Organisations that operate at scale are well-oiled machines.
But they are missing one thing.
They’re missing the ability to discover new ways of doing things, and building new brands and new businesses.
A few weeks ago, I heard a senior executive of a global consumer goods company saying that “creating new brands is too hard”, which is why they are now partnering with consultancies.
Exploit or explore?
In the world of algorithms, we make a distinction between two activities:
- Exploiting is about scaling, i.e., the systematic improvement and growth of an existing business
- Exploring focuses on discovery, i.e., creating, testing, and implementing new ideas
Large companies are great at exploiting. They know how to use their resources to generate maximum return on the things they know well.
But they need help to explore. Large companies aren’t great at experimenting with new ideas. They tend to need help to deal with high uncertainty.
Exploring is where innovation consulting has a role to play.
Innovation is today’s challenge
The Industrial Revolution led to the creation of complex organisations. In the 20th century, we saw the birth of management consulting firms such as Arthur D. Little (1909) and McKinsey & Company (1926). Their objective is to help companies to optimise the way they operate, so they become more efficient.
Then, in the 1990s and early 2000s, the Digital Revolution led to the emergence of new technologies and new business models, creating new opportunities to grow. This is a different business landscape where things change much faster. Going after new opportunities requires companies to be fast, operate differently, and get better at innovating. This is in the context of the digital era that innovation consulting firms have a role to play.
A new challenge: If I had to continue the timeline and talk about a third era, I would call it the Sustainability Revolution. Now, most innovation projects have components of sustainability. This is driven by changes in customers’ expectations as well as stricter regulations.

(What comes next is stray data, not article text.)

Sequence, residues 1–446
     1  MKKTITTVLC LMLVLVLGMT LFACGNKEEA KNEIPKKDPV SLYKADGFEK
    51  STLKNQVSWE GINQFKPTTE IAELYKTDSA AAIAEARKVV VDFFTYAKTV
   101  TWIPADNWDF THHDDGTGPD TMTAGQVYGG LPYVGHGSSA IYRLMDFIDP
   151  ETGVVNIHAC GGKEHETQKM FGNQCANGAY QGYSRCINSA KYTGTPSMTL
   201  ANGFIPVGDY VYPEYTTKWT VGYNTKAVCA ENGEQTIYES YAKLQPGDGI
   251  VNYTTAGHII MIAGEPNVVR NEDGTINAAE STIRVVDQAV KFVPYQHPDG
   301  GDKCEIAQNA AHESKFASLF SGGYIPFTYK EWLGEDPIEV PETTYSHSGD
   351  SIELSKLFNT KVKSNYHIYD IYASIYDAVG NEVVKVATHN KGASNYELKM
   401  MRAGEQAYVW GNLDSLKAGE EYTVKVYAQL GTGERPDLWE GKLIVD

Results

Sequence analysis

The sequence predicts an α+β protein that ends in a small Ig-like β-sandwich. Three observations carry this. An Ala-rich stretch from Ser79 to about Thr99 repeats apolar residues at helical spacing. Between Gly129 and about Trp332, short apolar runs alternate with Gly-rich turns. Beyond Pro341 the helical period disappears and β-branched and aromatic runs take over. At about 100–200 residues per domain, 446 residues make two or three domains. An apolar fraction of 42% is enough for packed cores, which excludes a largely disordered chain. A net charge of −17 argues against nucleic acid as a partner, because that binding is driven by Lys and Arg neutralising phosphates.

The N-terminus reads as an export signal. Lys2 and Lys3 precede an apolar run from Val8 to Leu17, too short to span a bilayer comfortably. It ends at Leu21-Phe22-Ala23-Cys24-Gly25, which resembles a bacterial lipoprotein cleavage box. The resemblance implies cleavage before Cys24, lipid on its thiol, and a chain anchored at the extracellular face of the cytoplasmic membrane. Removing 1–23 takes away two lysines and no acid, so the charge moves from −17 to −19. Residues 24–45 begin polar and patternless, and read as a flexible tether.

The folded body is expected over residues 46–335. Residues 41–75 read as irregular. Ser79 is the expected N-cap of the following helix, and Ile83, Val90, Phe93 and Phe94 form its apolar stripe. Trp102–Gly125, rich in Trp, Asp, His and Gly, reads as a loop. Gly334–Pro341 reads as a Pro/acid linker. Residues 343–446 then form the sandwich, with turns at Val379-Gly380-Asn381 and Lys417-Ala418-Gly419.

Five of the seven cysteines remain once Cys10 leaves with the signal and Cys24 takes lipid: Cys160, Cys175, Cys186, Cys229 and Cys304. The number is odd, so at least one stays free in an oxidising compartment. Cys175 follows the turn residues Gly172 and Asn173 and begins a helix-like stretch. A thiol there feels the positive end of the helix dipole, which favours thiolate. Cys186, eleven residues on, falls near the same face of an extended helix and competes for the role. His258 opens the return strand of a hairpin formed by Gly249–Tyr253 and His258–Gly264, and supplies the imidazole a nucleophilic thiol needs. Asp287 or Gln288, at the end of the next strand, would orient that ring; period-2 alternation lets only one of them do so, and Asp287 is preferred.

The objectives of innovation consulting
Every company faces different challenges when they try to innovate. That means that innovation consulting has to show up in many different ways to help them.
Go from spotting new business opportunities to generating ideas to seizing those opportunities to helping incubate and build new products, services, and businesses.
Let me share a non-exhaustive list of what an innovation consultancy does.
Spotting new opportunities
A large part of innovation consulting is about helping companies make sense of what’s happening in the world, gain insight of what their customers want, and turn all of this into seizable opportunities.
Read more: If you want to see how companies spot new opportunities, have a look at my latest book, The Opportunity Lenses.
Another challenge for companies is to come up with ideas that are worth being implemented.
The trick is that to come up with good ideas, you must have lots of bad ideas. But then, you need to eliminate the bad ones quickly, without killing a good one too early.
In reality, we’re far from the infamous brainstorming session.
- Done well, generating ideas involves many people in the company to bring a diversity of perspectives and connect new ideas with existing initiatives.